For me, that often means feeling the fear and doing it anyway with a lot of life admin. I have been terrible with bank statements and council letters and paper waste of that ilk for a long time but taking a deep breath, doodling to steady my shaking hand as I’m on the phone to HMRC and thinking of how good that cup of tea is going to taste afterwards means that I can clear that debris from my path of aforementioned swelling shininess. How often do we shirk from necessary adulting, saying it’s boring because that’s less scary than admitting we’re terrified? Back in the days when I attempted self-care, that time would have been spent watching show after show on Netflix because I adore telly and work it in too, so double bonus, two birds, one stone, research and relaxation, lovely stuff. But really, I was just staring at a screen, the anxiety muffled but still very much there. Numbing myself, sinking into the paralysis of self-doubt. Anaesthesia isn’t all it’s cracked up to be.
That doesn’t mean that essential maintenance is no fun. Quite the contrary. I still watch hours of Netflix but I have a firm but gentle talk with myself beforehand to see if it’s will best meet my essential maintenance requirements of that moment. Implying that desire or joy aren’t integral parts of being a healthy human on the prickly path of balance is to lose the best tool in your arsenal against burn out. Looking at my friends with kids, I’m in awe of how parents can get so much done by integrating elements of play into the most humdrum of everyday tasks. We learn from the off by exploration, with no sense of competition, just a vague sense of our own progress that gets stronger the more we let ourselves follow it. It’s a great shame that that’s under threat once we begin to navigate adulthood.
The more years I add to my working life, the more I appreciate what a taking a break means, the value of refreshing my head by plunging into a book or having a staring competition with a potted plant. Not only do I do better work when I’ve turned away from it by even just putting some hand cream on and breathing in the woody scent of it that I love so much, I am most definitely a better person to be around. Helping yourself most certainly helps others better than the martyrdom and suffering work ethic that is only getting worse within our working culture, which served as the logic bypass to help me sew that sinew back together this time around. Taking whatever measures that ensure you take yourself sincerely rather than seriously, to blunt the sharp edge of egotistical survival that the world so often demands of us, is to not only survive but thrive.
But please know, the core of each of our essences, the one overlap we all share, is that we do what we can get our self-s through another day, with our self-s as intact as possible. I hope I have brought you round to considering rephrasing self-care as essential maintenance, or at least to realise that your essences are your impetus. You are responsible for them but it is also your absolute right to pay attention to them. Keep your instrument in tune. I can’t wait to hear your song.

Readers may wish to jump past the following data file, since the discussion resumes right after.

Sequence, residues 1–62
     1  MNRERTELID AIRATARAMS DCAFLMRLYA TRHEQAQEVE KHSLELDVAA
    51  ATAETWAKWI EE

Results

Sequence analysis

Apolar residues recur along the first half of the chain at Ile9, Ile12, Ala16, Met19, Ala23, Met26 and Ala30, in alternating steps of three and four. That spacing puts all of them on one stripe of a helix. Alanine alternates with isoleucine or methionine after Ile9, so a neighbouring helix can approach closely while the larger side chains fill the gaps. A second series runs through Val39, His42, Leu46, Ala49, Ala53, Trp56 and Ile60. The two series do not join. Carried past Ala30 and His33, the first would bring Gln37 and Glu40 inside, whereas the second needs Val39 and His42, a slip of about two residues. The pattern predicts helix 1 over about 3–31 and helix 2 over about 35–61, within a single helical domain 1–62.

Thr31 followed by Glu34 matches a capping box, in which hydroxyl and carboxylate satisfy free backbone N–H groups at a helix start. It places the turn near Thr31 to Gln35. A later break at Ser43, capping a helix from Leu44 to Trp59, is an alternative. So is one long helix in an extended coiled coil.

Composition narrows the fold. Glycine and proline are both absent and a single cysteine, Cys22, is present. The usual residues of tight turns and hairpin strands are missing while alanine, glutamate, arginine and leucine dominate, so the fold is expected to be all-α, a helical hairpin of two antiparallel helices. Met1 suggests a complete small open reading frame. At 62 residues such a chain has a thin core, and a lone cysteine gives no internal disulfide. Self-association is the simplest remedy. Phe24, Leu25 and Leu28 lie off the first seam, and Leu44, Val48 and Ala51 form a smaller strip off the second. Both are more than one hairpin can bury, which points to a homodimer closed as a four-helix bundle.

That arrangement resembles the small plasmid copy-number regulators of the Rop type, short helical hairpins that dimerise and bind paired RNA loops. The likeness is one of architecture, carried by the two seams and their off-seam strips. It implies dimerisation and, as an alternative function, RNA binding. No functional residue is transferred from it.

Content warning: This essay discusses suicide, death depression and anxiety.
I first became aware of caring too much about what others thought last year. I turned 27 and had been a fun-loving, carefree individual throughout my teens. It changed when I turned roughly 19 and I started college. I was thrust into a male-dominated environment and whilst, at the time, I didn’t think that bothered me, when I look back, I know it was the beginning.
I became more insular as I started to doubt my abilities, there were comments about me being the only female in class and I was asked if I was sure I could “handle the pace”. I laughed it off and considered it banter, but now I reflect with a degree of bitterness. I managed to prove my worth and worked through and progressed to university. The heavy male environment continued, but my confidence had been dented somewhat by the consistent sexual innuendos, those laughing at my academic ability as a woman in “their field” and other digs.
There was a gradual progression and my doubt about my own abilities and strength as a person was not only applied to how males thought of me, but I started to wonder if I was capable of being successful amongst everyone.
I managed to graduate and whilst I was somewhat happy, I was more relieved than anything. My mother had passed away when I was 9 from cancer and I had no strong feminine presence in my life to reassure me that things were going to be ok, or that I was strong enough to stand on my own as a young woman. I craved that defiance more than anything.
I started to play the sympathy card and would bring my mother’s death up when things became hard so that people felt sorry for me. When I would fall out with friends, I would blame it on not dealing with her death as a child and I felt guilty, but I just wanted to be accepted. I started to lie about things in order to gain popularity.
On the flipside, everything I was asked to do I would say yes to. I wanted to be liked, I didn’t want to let people down and I didn’t want to seem weak. I was also too scared to say what I believed in, I felt that if my opinions were too strong, even if I thought something was wrong, I would just keep quiet or agree with the majority.